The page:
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Session: Brachytherapy [Return to Session]

Development of a Novel MRI-Compatible Applicator for Intensity Modulated Rectal Brachytherapy

A Thibodeau-Antonacci1, T Vuong2, B Liontis3, F Rayes3, S Pande4, S Abbasinejad Enger1,4 (1) Medical Physics Unit, Department of Oncology, McGill University, Montreal, Quebec, CA (2) Department of Radiation Oncology, Jewish General Hospital, McGill University, Montreal, Quebec, Ca (3) Pega Medical, Laval, Quebec, Ca (4) Lady Davis Institute for Medical Research, Jewish General Hospital, Montreal, Quebec, Ca


SU-K-207-3 (Sunday, 7/10/2022) 5:00 PM - 6:00 PM [Eastern Time (GMT-4)]

Room 207

Purpose: To investigate different MRI-compatible shield designs for dynamically-rotating intensity modulated brachytherapy (IMBT) of rectal cancer and compare the results to conventional HDR brachytherapy (HDR-BT) with and without static shielding.

Methods: Three rigid tungsten shields with different emission windows (2 mm, 90°, 180°) and three flexible shields with 180° emission windows were designed for rectal IMBT. All shields had a 2 mm central source channel and a 15 mm diameter. Dosimetric properties of the IMBT shields were explored in water using RapidBrachyMCTPS, a Monte Carlo-based treatment planning system, and a generic Ir-192 source. Additionally, to calculate the absorbed dose to the tumor and surrounding healthy tissue, data from one rectal cancer patient treated with three fractions of HDR-BT was used retrospectively. Dwell positions were created along the source channel with a 5 mm step size and 15° increment shield rotation. Simulations were repeated using the conventional applicator with and without static shielding for comparison.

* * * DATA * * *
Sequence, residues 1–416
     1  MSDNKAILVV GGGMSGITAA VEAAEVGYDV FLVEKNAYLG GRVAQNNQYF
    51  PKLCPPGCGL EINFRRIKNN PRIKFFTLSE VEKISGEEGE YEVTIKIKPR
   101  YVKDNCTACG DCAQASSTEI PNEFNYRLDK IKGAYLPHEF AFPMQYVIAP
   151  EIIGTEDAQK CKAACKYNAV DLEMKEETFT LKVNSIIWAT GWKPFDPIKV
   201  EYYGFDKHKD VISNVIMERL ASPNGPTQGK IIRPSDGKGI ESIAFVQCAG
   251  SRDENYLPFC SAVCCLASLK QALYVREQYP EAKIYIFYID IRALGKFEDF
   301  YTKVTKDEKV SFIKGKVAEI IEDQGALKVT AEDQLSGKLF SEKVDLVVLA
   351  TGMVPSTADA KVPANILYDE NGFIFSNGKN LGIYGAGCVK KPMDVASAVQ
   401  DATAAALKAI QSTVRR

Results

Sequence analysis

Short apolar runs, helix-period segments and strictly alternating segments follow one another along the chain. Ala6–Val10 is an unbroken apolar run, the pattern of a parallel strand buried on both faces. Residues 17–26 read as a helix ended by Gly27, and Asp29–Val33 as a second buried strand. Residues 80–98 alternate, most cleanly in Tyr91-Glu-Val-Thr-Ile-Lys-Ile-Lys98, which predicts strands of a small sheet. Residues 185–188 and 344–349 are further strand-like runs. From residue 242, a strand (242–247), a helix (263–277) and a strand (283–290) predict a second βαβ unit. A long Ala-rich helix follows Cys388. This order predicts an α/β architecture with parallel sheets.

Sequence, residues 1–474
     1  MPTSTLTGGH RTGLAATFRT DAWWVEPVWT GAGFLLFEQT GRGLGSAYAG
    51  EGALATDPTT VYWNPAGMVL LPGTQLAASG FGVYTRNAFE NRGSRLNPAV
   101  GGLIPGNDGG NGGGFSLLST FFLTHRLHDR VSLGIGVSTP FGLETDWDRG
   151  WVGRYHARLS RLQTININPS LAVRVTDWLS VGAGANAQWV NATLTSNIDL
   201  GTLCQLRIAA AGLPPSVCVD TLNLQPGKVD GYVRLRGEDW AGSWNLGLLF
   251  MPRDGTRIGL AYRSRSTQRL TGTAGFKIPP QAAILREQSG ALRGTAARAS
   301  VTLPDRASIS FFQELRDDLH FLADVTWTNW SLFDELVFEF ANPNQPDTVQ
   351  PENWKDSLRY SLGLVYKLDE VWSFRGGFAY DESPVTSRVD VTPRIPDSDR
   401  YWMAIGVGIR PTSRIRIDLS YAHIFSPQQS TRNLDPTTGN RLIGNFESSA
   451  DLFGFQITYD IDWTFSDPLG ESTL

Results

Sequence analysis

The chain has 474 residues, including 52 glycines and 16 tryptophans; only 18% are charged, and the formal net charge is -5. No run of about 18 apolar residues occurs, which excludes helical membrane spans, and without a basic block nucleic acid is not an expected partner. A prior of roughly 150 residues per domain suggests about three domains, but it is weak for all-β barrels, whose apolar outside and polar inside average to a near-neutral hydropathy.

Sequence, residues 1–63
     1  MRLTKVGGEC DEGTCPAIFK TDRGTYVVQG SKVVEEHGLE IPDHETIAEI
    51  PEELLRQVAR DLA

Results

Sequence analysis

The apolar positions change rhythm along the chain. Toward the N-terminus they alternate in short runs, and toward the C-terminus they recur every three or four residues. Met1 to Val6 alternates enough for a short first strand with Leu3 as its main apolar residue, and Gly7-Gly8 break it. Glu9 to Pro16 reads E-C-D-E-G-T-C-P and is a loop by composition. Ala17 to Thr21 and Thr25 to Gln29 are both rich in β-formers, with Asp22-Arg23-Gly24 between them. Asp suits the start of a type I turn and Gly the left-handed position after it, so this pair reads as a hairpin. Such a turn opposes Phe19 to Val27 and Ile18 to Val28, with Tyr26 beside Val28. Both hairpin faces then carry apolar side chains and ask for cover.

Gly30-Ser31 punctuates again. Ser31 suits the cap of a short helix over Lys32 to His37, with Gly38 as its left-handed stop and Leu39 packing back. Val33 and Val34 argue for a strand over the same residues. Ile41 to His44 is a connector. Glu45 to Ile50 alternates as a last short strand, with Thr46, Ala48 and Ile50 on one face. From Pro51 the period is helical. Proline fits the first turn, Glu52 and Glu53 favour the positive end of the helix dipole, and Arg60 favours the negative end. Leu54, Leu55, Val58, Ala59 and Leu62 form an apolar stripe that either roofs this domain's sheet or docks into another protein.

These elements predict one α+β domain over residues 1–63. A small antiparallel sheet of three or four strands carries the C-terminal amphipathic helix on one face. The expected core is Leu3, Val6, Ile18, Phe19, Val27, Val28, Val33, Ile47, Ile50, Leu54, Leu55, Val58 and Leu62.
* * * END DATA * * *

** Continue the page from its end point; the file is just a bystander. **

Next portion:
Results: Highly anisotropic dose distributions were achieved with all IMBT shields. For the same CTV coverage, the rigid 180° shield resulted in better sparing of the contralateral healthy rectal wall, superior dose spill region, rectum, bladder, femur and pelvis compared to the conventional applicator with and without static shielding. Only the inferior D2cc was greater by up to 14% compared to the conventional applicator with static shielding. The mean treatment time exceeded 20 min for the rigid 2 mm and 90° shields, which is not clinically acceptable. All simulations achieved an uncertainty of less than 1% on the absorbed dose for values within the 100% isodose line.

Conclusion: The dosimetric impact of three rigid and three flexible shield designs for rectal IMBT was quantitatively evaluated. The next step is to perform a larger retrospective study with the rigid 180° shield.


Brachytherapy, Monte Carlo, Intensity Modulation


TH- Brachytherapy: Development (new technology and techniques)

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